Justin and I woke up (or rather Justin woke up and then fought me out of my sleeping state) around 6am on Friday morning to catch our 7am bus from central station to Canberra. We were both groggy and grumpy but made our bus on time without incident and then promptly went back to sleep. The bus ride was around three hours long and once we got out of Sydney the scenery was filled with lots of mountains and odd looking trees. When we got off the bus Angela, Justin’s friend from the Citadel, was there to greet us and walk us to her apartment where we would be staying for the weekend. Angela is currently working on her masters degree in peace and conflict studies (somewhat ironic since she went to a military school for her undergraduate degree) and when she heard that Justin was going to be in Australia demanded that he spend a weekend in Canberra.

As Justin and I surveyed the landscape on our walk from the bus stop to Angie’s apartment we were very underwhelmed. It was around 11 am on a Friday morning and nobody seemed to be around. Things were eerily quiet. All the buildings we saw were sleek and modern looking, but devoid of any real character. Already we were judging.

Angie had glowing things to say about the city, but it is the only Australian city she has visited, and she spends most of her time in it studying. I think Canberra would be a very good place to work on a masters or doctorate degree since there doesn’t seem to be much in the way of distractions in the city. I would think you would find plenty of time to study because the city doesn’t give you many other options.

A little history on this odd little place from Mr. Bryson:

“Years were consumed with squabbles about where the Australian capital should be sited before the selectors eventually settled on an obscure farming community on the edge of the Tidbinbilla Hills in Southern New South Wales. It was called Canberra, though the name by then was often anglicized to Canberry. Cold in the winter, blazing hot in the summer, miles from anywhere, it was an unlikely choice of location for a capital. About nine hundred square miles of surrounding territory, most of it pastoral and pretty nearly useless, was ceded by New South Wales to form the Australian Capital Territory, a federal zone on the model of America’s own District of Columbia.  So the young nation had a capital. The next challenge was what to call it, and yet more periods of passion and rancour were consumed with settling the matter. King O’Malley, The American-born politician who was a driving force behind federation wanted to call the new capital Shakespeare. Other suggested names were Myola, Wheatwoolgold, Emu, Eucalypta, Sydmeladperbrisho, Opossum, Gladstone, Thirstyville, Kookaburra, Cromwell, and the ringingly inane Victoria Defendera Defender.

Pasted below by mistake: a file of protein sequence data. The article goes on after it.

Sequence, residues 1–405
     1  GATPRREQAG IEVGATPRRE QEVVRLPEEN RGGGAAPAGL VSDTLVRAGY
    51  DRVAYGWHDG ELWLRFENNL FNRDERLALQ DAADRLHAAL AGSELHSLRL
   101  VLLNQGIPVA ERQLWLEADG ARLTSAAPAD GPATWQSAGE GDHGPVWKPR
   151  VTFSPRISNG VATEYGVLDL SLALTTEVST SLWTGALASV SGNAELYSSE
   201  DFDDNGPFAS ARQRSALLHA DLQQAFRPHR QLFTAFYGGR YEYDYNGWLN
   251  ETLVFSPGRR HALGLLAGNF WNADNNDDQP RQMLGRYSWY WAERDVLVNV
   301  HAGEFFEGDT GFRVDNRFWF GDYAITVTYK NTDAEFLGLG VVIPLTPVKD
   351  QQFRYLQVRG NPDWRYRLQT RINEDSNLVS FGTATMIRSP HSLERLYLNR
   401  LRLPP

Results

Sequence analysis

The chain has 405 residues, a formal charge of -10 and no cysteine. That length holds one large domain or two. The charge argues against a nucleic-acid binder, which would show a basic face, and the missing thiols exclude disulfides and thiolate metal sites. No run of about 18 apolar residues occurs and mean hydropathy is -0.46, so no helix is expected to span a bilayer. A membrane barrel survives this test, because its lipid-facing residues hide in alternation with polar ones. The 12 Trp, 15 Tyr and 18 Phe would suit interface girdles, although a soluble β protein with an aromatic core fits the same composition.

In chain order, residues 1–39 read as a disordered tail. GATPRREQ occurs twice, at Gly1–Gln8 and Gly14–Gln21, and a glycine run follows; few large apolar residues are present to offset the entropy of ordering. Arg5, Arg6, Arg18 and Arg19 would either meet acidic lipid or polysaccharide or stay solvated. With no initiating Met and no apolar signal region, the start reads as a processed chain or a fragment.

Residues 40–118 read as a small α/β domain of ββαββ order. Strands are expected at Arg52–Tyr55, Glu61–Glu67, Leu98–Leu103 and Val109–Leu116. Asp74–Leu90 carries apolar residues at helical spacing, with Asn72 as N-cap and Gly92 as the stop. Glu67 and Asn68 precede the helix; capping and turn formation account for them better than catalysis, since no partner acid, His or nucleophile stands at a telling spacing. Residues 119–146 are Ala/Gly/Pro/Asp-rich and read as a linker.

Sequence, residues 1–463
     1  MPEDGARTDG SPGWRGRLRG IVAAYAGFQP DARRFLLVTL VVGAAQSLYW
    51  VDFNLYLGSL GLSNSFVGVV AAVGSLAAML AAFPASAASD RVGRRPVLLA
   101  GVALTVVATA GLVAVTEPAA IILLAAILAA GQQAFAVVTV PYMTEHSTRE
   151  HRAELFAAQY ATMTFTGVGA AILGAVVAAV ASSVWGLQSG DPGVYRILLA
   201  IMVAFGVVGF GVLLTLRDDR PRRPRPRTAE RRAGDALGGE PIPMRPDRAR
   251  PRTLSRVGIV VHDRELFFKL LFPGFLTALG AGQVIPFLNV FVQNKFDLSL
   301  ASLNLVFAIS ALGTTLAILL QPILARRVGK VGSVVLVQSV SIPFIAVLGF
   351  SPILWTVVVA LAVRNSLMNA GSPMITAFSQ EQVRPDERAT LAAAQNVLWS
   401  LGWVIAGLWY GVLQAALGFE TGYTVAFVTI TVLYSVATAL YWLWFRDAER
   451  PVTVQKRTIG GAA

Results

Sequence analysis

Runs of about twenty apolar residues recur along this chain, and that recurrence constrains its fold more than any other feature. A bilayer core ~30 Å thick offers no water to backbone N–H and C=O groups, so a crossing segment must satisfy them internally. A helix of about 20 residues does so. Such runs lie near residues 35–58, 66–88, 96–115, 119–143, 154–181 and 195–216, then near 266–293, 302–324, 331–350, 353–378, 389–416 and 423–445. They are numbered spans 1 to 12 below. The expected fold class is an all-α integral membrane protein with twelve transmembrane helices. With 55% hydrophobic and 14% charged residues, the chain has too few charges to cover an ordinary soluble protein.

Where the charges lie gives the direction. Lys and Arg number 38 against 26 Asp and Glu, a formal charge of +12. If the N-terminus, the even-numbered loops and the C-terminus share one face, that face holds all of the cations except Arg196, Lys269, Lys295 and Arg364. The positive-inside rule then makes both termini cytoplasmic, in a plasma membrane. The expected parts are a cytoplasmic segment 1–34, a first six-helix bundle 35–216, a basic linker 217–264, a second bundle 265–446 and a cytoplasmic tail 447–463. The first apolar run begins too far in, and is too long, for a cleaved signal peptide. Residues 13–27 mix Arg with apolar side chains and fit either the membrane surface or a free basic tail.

In the end, “Canberra” won more or less by default. At an official ceremony to mark the decision, the wife of the governor-general stood up before a gathering of dignitaries and, “in a querulous voice,” announced that the winning name was the one that had been in use all along. Unfortunately no one had thought to brief her, and she mispronounced it. Never mind, the young nation had a site for a capital and a name for it and it had taken them just eleven years since union to get there. At this blistering pace, all being well, they might get a city going within half a century or so. In fact, it would take rather longer. Although Canberra is now the sixth largest metropolis in the nation and one of the most important planned communities on earth, it remains Australia’s greatest obscurity. As national capitals go, it is still not an easy place to get to. It lies forty miles off the main road from Sydney to Melbourne, The Hume Highway, and is similarly spurned by the principal railway lines.  Its main road to the south doesn’t go anywhere much and the city has no approach at all from the west other than on a dirt track from the little town of Tumut.”